Election Integrity


Election administrators understand that elections are the foundation on which our system of self-governance rests. We take our responsibility to conduct elections pursuant to county, state and federal laws in a secure, transparent and accountable manner to produce accurate results very seriously.

Certified Software and Hardware
The software and hardware that is used to “program” each election, obtain information from the scanning of ballots, to resolve (aka “adjudicate”) voter intent issues on ballots and to convert the information from the scanning of ballots into election results (i.e. tabulation), collectively the “voting system”, has been certified by the Federal Elections Assistance Commission (EAC) and Washington’s Secretary of State. The Hart InterCivic voting system Clark County uses has been certified that it does not have any wireless communication capabilities. The voting system is not connected to the internet, intranet or extranet, and is “air gapped” from all other computers.

Physical Security
Clark County’s Elections Office is inside a building with a security system. The Elections Office has an additional, separate security system. The ballot scanning, adjudication and tabulation computers are located in a room (the “tab room”) that is dedicated to those tasks, the tab room is required to have at least two staff members present when the equipment is in use. The tab room is secured with serial numbered security tags (with a related accountability log that must be signed by two people each time a seal is established or broken).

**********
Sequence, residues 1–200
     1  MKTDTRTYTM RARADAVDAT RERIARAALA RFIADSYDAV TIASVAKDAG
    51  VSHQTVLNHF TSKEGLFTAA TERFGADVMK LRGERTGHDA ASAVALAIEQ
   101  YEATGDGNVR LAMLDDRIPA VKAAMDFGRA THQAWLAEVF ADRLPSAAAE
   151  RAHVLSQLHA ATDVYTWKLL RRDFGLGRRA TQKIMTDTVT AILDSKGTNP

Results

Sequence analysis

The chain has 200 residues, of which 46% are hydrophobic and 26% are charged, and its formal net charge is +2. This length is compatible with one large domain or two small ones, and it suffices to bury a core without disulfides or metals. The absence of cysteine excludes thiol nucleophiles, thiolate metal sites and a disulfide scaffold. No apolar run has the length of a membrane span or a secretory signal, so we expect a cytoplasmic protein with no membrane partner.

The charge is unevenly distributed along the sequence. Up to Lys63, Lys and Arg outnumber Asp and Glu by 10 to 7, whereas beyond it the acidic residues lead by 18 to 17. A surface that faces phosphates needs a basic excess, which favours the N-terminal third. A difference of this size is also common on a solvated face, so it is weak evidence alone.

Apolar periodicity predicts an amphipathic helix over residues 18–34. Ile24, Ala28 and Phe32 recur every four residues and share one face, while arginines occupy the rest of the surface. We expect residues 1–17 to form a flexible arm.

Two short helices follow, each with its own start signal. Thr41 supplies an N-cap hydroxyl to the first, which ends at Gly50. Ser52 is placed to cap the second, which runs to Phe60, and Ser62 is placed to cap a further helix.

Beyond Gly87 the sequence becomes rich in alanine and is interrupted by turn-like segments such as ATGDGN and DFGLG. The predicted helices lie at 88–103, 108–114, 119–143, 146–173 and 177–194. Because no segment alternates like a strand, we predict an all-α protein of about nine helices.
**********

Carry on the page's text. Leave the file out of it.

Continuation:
Voted ballots that have not been processed are stored in a separate room that must also have at least two staff members present. The ballot storage room is also secured with serial numbered security tags and an accountability log. The ballot storage room, as well as several other areas inside the Elections Office, is secured with locks that only open to people who have been issued magnetic swipe cards.

Scanned ballots are placed in boxes secured with serial numbered security tags and stored in the tab room until after the election is certified, or if there is a recount(s), after the recount(s) is completed.

Hash Check Test
Prior to each election a Hash Check Test is conducted. This test ensures that the voting system software and hardware that will be used is exactly the same as what was certified by the EAC and the Secretary of State. The Hash Check Test compares the 0’s and 1’s of the software at the Elections Office with the 0’s and 1’s of the certified software.